Conflict & Justice

US Navy pauses global operations and fires an admiral after another collision at sea

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A gash can be seen in the destroyer, the USS John S. McCain, after a collision with civilian ship on Monday 

Credit:

Ahmad Masood/Reuters

The commander of the US Navy's 7th Fleet, Joseph P. Aucoin, has been relieved of his post after another deadly collision at sea.

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This story is based on a radio interview. Listen to the full interview.

The Navy said there was a “loss of confidence” in Vice Adm. Aucoin’s ability to command.

The Navy is also planning a rolling global operational pause, to take time to remind all its sailors of the fundamentals of seamanship.

On Monday, the destroyer the USS John S. McCain became the fourth Navy ship involved in an accident at sea this year.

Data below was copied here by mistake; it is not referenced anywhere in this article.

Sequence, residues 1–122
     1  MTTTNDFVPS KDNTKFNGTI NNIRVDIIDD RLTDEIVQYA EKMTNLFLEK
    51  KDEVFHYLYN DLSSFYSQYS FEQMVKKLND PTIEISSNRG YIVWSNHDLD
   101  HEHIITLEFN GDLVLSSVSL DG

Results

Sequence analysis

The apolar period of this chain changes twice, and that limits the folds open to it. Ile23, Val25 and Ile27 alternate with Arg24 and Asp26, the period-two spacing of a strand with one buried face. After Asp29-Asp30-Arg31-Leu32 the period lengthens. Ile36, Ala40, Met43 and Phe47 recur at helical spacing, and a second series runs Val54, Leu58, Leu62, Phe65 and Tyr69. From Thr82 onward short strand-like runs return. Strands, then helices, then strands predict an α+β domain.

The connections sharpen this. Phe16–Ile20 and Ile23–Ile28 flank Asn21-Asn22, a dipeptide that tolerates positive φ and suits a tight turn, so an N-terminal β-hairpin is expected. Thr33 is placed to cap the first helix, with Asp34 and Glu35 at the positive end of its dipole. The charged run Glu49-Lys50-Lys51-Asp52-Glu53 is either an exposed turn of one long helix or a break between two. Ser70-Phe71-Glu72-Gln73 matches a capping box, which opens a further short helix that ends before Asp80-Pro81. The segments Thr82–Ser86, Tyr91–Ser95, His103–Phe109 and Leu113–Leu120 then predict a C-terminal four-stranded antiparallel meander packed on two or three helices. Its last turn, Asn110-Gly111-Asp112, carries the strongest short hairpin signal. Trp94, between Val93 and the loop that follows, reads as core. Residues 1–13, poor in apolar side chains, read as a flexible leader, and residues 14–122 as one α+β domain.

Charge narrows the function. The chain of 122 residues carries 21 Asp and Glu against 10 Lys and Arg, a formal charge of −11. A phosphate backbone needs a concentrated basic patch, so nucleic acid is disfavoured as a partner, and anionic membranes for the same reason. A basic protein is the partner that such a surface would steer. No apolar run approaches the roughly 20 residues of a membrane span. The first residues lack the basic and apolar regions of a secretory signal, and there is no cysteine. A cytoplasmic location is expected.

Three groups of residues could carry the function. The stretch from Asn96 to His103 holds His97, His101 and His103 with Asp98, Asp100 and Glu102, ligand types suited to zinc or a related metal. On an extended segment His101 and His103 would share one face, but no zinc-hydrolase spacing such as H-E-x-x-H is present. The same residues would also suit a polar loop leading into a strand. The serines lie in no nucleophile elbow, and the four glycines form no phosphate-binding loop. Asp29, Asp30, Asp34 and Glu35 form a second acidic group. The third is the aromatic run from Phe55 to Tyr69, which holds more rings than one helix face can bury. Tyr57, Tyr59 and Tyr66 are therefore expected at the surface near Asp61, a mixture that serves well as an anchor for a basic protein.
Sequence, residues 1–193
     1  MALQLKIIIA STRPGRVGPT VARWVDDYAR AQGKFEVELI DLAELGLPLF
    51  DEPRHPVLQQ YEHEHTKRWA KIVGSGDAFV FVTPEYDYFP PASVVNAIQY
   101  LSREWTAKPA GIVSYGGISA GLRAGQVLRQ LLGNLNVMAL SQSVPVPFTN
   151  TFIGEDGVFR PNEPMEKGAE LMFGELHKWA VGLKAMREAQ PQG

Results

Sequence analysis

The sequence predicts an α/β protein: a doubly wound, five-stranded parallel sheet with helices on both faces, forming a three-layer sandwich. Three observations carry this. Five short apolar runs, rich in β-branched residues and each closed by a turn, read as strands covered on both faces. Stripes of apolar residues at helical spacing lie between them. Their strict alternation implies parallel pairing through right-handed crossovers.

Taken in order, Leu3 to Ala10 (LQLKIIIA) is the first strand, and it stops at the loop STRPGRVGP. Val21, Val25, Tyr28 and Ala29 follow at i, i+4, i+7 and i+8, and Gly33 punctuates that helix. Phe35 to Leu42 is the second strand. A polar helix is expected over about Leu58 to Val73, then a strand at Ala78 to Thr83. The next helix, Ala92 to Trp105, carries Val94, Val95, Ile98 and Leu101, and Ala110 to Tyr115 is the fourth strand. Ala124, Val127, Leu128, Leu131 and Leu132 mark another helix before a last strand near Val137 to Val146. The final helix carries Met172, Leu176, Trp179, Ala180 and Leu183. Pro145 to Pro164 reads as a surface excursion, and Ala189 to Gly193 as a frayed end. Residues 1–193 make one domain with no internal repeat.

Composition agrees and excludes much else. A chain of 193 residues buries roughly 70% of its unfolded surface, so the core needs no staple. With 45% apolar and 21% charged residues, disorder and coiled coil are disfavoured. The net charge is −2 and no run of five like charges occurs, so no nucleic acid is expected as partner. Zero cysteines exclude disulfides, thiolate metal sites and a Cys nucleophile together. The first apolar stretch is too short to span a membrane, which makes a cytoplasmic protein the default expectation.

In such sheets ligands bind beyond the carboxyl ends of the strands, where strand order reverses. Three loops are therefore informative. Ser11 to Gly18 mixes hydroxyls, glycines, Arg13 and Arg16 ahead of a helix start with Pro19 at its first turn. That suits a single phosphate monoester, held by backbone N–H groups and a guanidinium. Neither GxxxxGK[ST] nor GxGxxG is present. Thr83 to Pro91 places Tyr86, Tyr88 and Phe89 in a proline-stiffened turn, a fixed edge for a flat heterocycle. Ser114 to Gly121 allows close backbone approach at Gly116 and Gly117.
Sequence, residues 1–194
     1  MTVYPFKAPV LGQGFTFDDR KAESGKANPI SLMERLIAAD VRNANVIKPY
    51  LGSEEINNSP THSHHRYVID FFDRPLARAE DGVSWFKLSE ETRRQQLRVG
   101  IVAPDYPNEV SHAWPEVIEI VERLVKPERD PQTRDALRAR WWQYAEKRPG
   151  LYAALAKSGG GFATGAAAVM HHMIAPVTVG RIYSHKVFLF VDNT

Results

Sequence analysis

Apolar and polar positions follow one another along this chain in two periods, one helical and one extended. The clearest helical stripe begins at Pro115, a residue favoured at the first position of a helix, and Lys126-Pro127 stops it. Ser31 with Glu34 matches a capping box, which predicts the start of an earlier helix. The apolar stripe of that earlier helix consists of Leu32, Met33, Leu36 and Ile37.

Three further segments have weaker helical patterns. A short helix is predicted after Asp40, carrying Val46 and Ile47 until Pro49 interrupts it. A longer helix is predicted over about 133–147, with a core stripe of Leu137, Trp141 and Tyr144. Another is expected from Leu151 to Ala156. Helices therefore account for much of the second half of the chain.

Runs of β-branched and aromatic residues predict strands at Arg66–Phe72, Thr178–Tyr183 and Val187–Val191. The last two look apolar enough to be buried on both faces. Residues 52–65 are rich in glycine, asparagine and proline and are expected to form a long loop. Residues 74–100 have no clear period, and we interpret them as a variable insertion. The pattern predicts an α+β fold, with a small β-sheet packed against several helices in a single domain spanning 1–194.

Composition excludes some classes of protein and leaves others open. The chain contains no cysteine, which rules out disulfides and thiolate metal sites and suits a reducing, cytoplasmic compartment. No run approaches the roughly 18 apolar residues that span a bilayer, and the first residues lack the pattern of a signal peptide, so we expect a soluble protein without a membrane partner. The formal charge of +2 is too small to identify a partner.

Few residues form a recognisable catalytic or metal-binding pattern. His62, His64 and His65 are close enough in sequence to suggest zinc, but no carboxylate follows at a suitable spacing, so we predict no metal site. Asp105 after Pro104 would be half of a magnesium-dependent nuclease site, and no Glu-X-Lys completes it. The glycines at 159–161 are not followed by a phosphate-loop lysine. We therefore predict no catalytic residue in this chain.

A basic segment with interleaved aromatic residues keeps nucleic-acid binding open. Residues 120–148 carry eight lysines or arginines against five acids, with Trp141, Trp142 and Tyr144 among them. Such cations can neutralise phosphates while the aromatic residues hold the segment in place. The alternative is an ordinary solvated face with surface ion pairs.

Like the USS Fitzgerald in June, this was a deadly collision with a civilian vessel.

There is no suggestion of foul play. There is also no suggestion that Aucoin was directly responsible for the incidents, but the Navy has a strong tradition of accountability. If it happens on your watch, it’s your responsibility.

“Admiral Aucoin was in charge of this fleet,” says Dan Lamothe of The Washington Post. “This fleet has had several incidents. Therefore they want to change the leadership at the top to set the tone that basically there will be accountability, starting with him, on down with anybody who missed something [or] didn’t do their job appropriately each and every day.”

Aucoin's removal was first reported by The Wall Street Journal and confirmed by the Navy on Monday.

Aucoin was scheduled for retirement soon. But the captain of the USS Fitzgerald and several of his officers have also been relieved of their posts or disciplined. Their careers will be damaged for sure, says the Post's national security reporter.

“It will be extremely hard to come back from this,” Lamothe says. “It would likely be a career-ending sort of situation.”